Editor’s Note: Brace yourself, we are going to focus on bounce without including Big Freedia. We that it is almost sacrilegious here in New Orleans, but the world of bounce exists all around the city. Tulane students Zach Raynor, Celine McGoran, and Daniela Rojas went out with Cheeky Blakk and Moe Joe to see how bounce is part of their being.
Cheeky Blakk on Bounce & Identity
“I’m raw. I’m raw and uncut, that’s the real me. When you are dealing with Cheeky, just remember to have fun and let go and release. If you are graduating and stressed and say to yourself ‘What should I do?’, I say go to a Cheeky Blakk concert and release.”
Cheeky Blakk on Diversity within the Bounce Community of New Orleans
“It’s like a call and response, it’s different from other jazz, hip hop, and things of that nature. Me, I’m from the lower 9th ward, that’s where I’m from, we do things totally different from Uptown. So it’s like y’all’s cultures and my culture, it’s a big ol’ difference. Uptown is more flashy, downtown is not. [Uptown] likes flashy, like big bling. Lower 9th ward is more family oriented, totally different, we are in our own little circle.
Moe Joe on Bounce & Identity
”I can’t talk about Bounce Fitness with Moe Joe without bringing up my upbringing in the country. My name is Moe Joe, that comes from my family, that’s connected from somewhere. I can’t talk about bounce fitness without talking about my experience growing up and consuming and being inspired by bounce music. That means that not only my identity but also the identify of my family and those traditions, my community, my school settings, what type of social clubs.”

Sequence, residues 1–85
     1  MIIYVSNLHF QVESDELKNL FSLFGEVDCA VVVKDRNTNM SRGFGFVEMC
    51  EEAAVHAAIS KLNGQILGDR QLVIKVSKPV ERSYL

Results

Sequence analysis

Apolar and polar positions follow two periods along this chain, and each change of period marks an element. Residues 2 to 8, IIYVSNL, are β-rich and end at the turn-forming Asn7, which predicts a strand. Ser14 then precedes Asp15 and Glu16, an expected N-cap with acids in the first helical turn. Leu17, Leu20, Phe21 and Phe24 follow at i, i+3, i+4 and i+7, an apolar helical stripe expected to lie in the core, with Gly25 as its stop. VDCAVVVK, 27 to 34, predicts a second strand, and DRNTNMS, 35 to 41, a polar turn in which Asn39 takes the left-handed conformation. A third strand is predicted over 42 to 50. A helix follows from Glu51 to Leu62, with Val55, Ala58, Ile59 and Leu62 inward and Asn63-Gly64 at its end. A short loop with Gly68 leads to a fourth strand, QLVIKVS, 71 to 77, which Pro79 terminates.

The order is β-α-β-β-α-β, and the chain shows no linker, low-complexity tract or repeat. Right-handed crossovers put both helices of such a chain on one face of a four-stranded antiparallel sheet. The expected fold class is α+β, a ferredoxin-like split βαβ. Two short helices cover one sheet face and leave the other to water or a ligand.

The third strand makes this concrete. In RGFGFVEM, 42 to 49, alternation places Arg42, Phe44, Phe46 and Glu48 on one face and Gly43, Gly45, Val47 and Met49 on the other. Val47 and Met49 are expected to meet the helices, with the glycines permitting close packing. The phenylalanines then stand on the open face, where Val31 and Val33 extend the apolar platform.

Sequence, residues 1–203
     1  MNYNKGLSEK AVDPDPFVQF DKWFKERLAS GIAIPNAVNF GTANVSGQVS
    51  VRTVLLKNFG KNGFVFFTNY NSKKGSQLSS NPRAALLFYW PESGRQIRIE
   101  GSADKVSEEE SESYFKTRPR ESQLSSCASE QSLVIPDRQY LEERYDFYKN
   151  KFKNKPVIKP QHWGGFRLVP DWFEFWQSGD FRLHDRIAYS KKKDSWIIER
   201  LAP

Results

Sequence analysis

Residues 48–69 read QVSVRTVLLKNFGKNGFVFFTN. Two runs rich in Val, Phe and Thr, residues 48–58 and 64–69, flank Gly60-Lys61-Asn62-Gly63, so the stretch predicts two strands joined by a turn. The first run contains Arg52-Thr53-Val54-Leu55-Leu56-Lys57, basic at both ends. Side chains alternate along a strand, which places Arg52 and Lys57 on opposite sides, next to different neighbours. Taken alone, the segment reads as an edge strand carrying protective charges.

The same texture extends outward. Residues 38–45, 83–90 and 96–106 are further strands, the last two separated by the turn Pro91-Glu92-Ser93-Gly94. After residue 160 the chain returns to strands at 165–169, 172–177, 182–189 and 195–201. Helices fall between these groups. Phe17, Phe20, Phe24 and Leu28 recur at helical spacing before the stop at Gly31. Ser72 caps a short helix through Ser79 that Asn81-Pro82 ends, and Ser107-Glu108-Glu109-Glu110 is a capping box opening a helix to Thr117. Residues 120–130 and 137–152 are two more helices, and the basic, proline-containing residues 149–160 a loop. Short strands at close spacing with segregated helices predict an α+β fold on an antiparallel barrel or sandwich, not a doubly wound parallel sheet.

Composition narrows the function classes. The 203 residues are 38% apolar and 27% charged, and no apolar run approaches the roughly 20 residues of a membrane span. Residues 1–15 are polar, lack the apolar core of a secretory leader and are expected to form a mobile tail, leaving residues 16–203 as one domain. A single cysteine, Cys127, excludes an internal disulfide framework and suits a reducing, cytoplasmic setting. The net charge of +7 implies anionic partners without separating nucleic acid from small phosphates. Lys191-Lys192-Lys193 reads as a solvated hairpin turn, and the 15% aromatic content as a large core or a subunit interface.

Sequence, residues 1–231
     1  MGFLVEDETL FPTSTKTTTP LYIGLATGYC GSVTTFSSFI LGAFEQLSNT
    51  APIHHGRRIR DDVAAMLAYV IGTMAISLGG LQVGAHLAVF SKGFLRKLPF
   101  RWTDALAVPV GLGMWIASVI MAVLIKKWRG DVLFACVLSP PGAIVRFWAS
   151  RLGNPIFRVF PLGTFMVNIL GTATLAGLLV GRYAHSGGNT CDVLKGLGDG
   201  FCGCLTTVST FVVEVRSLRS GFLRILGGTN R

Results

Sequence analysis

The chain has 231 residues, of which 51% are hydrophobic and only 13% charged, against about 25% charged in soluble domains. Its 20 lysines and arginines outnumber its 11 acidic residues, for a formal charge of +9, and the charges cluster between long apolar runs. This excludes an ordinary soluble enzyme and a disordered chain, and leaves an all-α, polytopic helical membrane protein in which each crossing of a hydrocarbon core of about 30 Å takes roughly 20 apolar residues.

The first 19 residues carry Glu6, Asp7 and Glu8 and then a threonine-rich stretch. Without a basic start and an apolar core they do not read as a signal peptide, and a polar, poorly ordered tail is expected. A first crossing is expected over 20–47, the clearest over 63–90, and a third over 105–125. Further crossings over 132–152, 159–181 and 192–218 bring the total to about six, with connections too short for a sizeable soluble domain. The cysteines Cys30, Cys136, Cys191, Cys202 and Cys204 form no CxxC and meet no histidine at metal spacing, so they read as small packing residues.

Moe Joe on Bounce & New Orleans
“It’s just people from here are from here. The language and how they speak, they put that in the music, the neighborhoods that they’re from. The things that they create, their artistic visions, those are things that apparently was a part of their DNA or their thought process. It’s something that is connected from here. You can’ talk about New Orleans bounce and not talk about New Orleans because it’s connected through and through to the identity to this place.”
Moe Joe on Bounce Culture, Race, & Class
“There are a lot of people who come to Bounce Fitness who wouldn’t do what they consider bounce dancing in a club. There are people in my classes who won’t go to a second line because at one point that was considered lower class. At one point it’s a necessary evil but it’s like you can’t talk about urban culture without talking about social and class issues that come with these cultures. Some people think that bounce was a low class thing and didn’t want to do anything with it. There was a woman down the street that said she didn’t think ten years ago that bounce would take off the way it took off. Because at one point it was considered, especially for the women, for the women not being associated, it was a low class thing girl thing, a whore girl thing, a loose girl.”